The pressure increased between the Indonesian government and the Dutch government in 1958. The Dutch government decided to increase the defence of New-Guinea with air and land forces. The garrison duties were transferred to the land forces. The Marines could now concentrate on the nature and people of New-Guinea.

The Indonesian infiltrations took place in a sporadic way. This changed in begin 1962, when Indonesia launced a large scale attack on Dutch jurisdiction. Three Indonesian motortorpedoboats tried to infiltrate New-Guinea. On of them, the Matjan Tutul, was sunk. The other 2 boats escaped. A golf of infiltrations with boats started in March. The mobile troops had to be reinforced. 2 companies were sent. Indonesia started with their best troops, the parachutists, on the 26th of April. 1100 were dropped above New-Guinea. They didn’t gain a military advantage. This was because of the heavy patrols of the Dutch forces in 1962. Most of the patrols were done by the 5 companies of Marines. A cease-fire was ordered by the government en the dutch troops were send home.


“This badge is taken from the regimental badge worn on the Marines helmet. The motto “Qua Patet Orbis” (As Wide as the World), was the family motto of Johan Maurits, the Count of Nassau-Siegen (1604-1679), who distinguished himself in the Battle of Seneffe (11 August 1674), in which the Marines were also involved. The motto was awarded to the Corps by Royal Degree of 20 November 1946, when the Corps had already been wearing the badge for some time, and refers to the Marine Corps` worldwide activities.”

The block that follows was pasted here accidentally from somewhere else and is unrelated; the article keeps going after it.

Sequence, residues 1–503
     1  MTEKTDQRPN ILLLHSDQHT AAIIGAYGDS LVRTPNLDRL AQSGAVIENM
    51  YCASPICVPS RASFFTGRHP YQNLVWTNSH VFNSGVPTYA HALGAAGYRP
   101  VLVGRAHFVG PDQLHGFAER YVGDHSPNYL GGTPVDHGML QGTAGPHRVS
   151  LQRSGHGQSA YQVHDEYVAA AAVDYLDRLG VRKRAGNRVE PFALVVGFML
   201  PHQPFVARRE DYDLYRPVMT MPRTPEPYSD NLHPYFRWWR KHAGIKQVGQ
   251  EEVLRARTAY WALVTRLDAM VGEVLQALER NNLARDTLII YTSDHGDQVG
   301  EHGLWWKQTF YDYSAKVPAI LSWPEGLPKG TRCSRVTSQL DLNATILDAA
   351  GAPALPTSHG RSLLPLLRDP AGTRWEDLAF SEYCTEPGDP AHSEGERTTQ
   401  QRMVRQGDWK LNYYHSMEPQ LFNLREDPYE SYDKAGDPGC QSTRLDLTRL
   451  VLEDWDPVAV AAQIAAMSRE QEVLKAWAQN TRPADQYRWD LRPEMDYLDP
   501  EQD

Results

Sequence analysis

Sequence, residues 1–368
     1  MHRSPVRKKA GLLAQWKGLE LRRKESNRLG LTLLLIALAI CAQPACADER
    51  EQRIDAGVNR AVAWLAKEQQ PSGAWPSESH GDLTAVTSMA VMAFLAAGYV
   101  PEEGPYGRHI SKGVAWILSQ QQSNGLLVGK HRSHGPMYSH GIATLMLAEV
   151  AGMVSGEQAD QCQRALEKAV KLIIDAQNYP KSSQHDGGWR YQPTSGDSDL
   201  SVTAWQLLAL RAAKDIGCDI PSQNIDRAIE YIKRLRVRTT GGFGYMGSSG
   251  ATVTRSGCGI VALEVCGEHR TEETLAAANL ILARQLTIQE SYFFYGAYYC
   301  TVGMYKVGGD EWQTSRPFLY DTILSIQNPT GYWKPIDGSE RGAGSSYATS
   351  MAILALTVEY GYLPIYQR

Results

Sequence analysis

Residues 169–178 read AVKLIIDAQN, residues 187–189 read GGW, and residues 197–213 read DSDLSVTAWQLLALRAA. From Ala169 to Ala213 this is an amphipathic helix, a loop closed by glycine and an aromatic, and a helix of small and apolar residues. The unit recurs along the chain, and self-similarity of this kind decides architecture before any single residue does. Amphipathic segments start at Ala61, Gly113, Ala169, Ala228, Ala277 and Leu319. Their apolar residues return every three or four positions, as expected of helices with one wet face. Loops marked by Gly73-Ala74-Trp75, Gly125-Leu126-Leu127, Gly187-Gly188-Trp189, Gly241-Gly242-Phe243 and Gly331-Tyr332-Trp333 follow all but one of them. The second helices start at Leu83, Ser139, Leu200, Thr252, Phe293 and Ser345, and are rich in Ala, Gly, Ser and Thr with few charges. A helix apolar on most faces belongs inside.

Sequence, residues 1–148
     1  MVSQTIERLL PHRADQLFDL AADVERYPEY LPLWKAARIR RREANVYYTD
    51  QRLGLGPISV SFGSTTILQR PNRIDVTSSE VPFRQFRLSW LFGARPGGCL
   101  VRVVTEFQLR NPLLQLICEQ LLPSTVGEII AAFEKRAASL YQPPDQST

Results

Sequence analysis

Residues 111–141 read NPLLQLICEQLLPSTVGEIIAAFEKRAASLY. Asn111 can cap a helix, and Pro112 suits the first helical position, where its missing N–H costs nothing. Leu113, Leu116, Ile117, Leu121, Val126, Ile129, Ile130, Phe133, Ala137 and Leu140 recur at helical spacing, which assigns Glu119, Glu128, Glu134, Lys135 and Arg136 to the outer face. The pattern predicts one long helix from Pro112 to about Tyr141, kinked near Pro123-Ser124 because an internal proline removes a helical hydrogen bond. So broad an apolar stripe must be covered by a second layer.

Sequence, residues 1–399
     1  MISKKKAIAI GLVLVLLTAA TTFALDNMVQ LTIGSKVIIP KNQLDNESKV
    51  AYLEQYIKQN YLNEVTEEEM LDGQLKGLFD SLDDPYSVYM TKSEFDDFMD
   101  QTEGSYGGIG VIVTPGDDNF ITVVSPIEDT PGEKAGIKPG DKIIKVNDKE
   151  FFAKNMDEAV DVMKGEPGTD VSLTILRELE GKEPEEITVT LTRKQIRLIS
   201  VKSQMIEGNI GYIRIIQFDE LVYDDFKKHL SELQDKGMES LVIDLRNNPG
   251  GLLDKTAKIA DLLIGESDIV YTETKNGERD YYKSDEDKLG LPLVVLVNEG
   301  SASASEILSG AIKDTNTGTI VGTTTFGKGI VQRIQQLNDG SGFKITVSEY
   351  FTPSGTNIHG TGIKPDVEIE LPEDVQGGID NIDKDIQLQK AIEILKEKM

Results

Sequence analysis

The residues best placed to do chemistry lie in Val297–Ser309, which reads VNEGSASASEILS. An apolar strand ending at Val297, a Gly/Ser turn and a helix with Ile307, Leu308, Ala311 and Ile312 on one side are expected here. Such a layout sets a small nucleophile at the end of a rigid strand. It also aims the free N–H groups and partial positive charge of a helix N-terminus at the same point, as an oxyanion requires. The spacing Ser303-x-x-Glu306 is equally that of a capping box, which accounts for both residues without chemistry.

10 December is the official birthday of the Dutch Marine corps. All the men who died in the “Korps Mariniers” are remembered on this day at the Marine monument in Rotterdam Oostplein.




Source:

http://www.mariniers.nl/
http://dutchmarines.homestead.com/
http://www.geocities...orps_mariniers/
http://home.planet.n...s_mariniers.htm
http://home.tiscali....NedAutoset.html
http://home-1.tiscal...gade/index.html
http://tweede-wereld...erland/id6.html




Remy

Edited by RemySmit, 05 September 2003 - 12:10 AM.


#2 Kiwiwriter

Kiwiwriter

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Posted 16 June 2003 - 11:12 AM

That's a very impressive history indeed

I believe the Dutch marines today operate as part of the Anglo-Dutch commando brigade, but I have seen photographs of them training with US amphibious forces in the Caribbean.

Dutch marine sergeants also do basic training for the entire Dutch Navy at Den Helder. That should motivate the recruits! :D